How long can you leave a cat alone?

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Cats are odd animals and can be both independent or very reliant on their human, but in general, how long should they be left home alone?

An adult cat can be left home alone for 24 hours, assuming you have provided the basic necessities for them. Younger kittens shouldn’t be left alone for too long. For example, a kitten of 4 months should only be left alone for a maximum of 4 hours (and roughly 1 additional hour per month).

It’s possible (but not recommended) that an adult cat could be left home alone for 36 to 48 hours. However, by this point you need to consider the state of the environment your cat will be in – its litter tray will be full (possibly prompting your cat to poop elsewhere), its water will be stale and dirty and your home will generally be an unpleasant place for your increasingly annoyed cat.

If you plan to go away for more than 24 hours, have a friend or pet sitter come in to change your cat’s food and water and also sit or play with your cat to keep it active.

Understanding the needs of younger cats

Kittens crave stimulation as it helps them hone their reflexes and skills, so without you there to interact with it can cause problems with their development. They’re also very small and curious creatures, so can sometimes find themselves stuck in small places. A small bump in the road if you are around to help them out, but potentially a very distressing experience if they’re stuck for hours.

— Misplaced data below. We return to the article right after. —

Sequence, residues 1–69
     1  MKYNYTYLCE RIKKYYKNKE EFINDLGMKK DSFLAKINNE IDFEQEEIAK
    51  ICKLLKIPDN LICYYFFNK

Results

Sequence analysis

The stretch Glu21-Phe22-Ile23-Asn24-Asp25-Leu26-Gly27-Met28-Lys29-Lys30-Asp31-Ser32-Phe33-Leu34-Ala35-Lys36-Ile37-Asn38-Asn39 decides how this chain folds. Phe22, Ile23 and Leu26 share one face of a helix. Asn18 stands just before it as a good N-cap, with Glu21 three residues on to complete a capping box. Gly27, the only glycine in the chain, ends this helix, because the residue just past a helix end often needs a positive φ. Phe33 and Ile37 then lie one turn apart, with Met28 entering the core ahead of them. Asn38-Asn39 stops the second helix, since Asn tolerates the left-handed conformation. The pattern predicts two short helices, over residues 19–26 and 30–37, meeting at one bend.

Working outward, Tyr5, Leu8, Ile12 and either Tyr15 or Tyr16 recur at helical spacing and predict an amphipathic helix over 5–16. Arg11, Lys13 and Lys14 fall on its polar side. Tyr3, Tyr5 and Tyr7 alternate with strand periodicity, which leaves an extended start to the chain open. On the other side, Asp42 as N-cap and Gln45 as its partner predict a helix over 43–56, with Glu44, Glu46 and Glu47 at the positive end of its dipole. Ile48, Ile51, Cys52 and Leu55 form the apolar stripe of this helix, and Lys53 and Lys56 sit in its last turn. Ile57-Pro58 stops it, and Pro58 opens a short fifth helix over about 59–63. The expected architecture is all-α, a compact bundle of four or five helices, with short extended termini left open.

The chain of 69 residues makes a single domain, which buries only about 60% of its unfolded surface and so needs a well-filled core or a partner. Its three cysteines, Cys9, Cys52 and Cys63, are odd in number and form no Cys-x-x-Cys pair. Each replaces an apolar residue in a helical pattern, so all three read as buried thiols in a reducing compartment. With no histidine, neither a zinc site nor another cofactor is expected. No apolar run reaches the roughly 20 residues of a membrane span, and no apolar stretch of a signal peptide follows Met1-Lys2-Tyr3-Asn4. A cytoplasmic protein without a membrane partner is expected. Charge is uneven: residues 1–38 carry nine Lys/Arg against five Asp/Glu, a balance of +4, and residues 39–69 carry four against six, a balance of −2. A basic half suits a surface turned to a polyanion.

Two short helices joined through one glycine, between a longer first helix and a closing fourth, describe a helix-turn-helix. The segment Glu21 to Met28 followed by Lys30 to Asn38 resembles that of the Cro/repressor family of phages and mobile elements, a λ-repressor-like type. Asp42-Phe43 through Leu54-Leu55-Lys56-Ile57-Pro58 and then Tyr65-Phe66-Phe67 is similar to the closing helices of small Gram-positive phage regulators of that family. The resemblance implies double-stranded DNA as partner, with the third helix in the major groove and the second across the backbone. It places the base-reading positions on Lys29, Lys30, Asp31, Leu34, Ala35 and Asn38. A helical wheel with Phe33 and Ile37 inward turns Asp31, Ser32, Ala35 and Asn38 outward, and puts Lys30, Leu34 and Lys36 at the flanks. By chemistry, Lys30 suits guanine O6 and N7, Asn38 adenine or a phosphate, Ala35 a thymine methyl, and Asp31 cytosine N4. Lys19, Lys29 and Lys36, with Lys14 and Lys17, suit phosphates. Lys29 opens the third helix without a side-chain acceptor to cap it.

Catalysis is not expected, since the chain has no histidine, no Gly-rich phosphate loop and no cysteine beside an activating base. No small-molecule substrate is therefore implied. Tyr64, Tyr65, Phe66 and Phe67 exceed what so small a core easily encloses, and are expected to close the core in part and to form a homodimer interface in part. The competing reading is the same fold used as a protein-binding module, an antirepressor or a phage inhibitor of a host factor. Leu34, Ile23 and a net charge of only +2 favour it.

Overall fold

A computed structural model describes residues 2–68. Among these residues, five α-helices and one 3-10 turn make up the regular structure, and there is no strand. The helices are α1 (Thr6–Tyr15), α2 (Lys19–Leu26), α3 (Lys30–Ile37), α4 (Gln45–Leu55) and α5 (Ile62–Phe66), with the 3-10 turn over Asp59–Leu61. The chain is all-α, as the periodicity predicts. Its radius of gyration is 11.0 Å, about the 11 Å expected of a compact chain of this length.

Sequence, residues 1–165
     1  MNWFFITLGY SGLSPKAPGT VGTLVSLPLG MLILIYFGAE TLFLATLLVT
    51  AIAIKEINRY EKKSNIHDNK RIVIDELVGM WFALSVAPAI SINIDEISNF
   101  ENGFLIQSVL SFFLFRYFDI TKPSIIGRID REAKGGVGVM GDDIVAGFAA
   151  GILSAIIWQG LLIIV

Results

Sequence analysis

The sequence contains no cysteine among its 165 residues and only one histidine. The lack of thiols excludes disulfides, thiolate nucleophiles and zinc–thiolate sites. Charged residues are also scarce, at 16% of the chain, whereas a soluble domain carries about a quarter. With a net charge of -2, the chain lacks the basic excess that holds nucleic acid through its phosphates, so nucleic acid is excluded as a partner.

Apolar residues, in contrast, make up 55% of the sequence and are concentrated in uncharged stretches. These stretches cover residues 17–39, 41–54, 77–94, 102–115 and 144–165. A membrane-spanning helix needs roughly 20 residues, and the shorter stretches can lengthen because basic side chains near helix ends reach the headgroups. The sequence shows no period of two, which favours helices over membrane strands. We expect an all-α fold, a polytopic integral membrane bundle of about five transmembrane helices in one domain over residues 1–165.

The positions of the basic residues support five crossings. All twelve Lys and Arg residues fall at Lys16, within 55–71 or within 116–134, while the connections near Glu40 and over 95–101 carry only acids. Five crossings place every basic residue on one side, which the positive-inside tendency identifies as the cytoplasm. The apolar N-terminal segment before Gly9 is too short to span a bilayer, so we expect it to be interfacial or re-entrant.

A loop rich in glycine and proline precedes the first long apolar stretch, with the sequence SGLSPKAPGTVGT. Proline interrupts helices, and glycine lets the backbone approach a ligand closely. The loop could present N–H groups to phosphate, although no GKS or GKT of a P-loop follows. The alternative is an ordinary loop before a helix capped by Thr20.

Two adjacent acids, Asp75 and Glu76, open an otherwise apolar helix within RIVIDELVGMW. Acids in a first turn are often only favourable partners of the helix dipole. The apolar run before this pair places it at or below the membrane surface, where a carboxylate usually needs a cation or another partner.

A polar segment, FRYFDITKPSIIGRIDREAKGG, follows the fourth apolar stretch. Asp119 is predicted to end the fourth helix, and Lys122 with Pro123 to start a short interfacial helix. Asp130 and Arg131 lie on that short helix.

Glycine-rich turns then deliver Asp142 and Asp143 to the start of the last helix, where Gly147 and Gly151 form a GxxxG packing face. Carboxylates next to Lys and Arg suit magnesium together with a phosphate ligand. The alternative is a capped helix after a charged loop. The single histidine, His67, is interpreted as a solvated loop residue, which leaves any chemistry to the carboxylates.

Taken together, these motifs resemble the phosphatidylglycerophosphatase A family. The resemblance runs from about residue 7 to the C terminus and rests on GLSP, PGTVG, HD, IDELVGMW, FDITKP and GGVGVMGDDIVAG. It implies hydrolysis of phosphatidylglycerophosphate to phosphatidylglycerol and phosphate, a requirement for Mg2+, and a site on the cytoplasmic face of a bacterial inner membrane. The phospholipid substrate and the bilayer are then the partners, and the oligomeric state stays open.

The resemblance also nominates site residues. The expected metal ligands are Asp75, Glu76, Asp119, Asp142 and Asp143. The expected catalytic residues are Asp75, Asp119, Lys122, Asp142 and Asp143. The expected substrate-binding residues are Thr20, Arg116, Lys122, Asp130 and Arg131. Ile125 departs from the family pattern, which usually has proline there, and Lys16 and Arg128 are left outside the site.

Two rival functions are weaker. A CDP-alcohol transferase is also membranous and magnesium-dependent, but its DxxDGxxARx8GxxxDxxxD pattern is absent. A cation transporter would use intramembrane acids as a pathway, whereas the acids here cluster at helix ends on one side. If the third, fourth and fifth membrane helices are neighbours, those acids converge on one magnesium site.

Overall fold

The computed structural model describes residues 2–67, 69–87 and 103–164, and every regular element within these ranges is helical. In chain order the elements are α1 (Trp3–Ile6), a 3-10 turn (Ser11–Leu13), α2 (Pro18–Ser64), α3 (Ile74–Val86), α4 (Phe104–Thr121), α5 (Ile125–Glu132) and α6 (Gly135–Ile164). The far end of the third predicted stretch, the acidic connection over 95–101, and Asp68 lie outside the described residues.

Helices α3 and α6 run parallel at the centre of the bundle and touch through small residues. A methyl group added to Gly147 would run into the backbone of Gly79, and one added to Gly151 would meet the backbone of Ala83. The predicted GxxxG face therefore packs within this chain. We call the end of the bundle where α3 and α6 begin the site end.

That said, it’s also important to help build your kitten’s confidence by allowing them time on their own and gradually increasing the time they are self-sufficient. You don’t want them to grow into cats that are entirely dependant on your presence.

Spotting signs of separation anxiety in cats

Every cat is different. Some might not be happy being left alone for prolonged periods of times, so it’s important to be able to spot the signs of separation anxiety or stress in your cat. The difficulty, however, is the signs of anxiety in one cat may be perfectly normal behaviour for other cats. Take these things in context – if you observe out-of-the-norm behaviour, then you might want to reconsider how long you leave your cat alone.

In particular, if your cat tends to follow you around the house more, meows when you’re not in the room or is generally more clingy than they normally are, then it’s a sign that something is upsetting them.

As PetPlus notes:

A majority of cats love to be near humans. They will happily relax on your lap when you watch TV or read your favorite book. They will search you out to get pets and cuddles. The problem signals start blinking when you see your cat becoming too much attached to you. It will follow you everywhere, from one room to another room. It hates to be alone. This behavior points to it being lonely.